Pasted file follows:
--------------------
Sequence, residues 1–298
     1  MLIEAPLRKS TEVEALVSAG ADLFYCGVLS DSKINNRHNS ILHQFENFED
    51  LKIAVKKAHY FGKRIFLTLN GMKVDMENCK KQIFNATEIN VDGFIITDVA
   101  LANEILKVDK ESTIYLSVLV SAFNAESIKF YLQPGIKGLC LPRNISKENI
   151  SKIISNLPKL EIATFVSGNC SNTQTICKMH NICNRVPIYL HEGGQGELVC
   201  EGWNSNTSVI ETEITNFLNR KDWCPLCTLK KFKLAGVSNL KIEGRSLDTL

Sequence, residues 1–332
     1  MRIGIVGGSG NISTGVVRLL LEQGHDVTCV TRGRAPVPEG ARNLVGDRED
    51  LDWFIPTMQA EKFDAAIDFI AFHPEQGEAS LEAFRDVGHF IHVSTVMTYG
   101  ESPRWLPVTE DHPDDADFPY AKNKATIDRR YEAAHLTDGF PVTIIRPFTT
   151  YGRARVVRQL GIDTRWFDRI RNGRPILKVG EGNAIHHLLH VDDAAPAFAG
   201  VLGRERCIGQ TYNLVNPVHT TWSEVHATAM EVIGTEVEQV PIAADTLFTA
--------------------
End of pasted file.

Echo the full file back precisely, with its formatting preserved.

Sequence, residues 1–298
     1  MLIEAPLRKS TEVEALVSAG ADLFYCGVLS DSKINNRHNS ILHQFENFED
    51  LKIAVKKAHY FGKRIFLTLN GMKVDMENCK KQIFNATEIN VDGFIITDVA
   101  LANEILKVDK ESTIYLSVLV SAFNAESIKF YLQPGIKGLC LPRNISKENI
   151  SKIISNLPKL EIATFVSGNC SNTQTICKMH NICNRVPIYL HEGGQGELVC
   201  EGWNSNTSVI ETEITNFLNR KDWCPLCTLK KFKLAGVSNL KIEGRSLDTL

Sequence, residues 1–332
     1  MRIGIVGGSG NISTGVVRLL LEQGHDVTCV TRGRAPVPEG ARNLVGDRED
    51  LDWFIPTMQA EKFDAAIDFI AFHPEQGEAS LEAFRDVGHF IHVSTVMTYG
   101  ESPRWLPVTE DHPDDADFPY AKNKATIDRR YEAAHLTDGF PVTIIRPFTT
   151  YGRARVVRQL GIDTRWFDRI RNGRPILKVG EGNAIHHLLH VDDAAPAFAG
   201  VLGRERCIGQ TYNLVNPVHT TWSEVHATAM EVIGTEVEQV PIAADTLFTA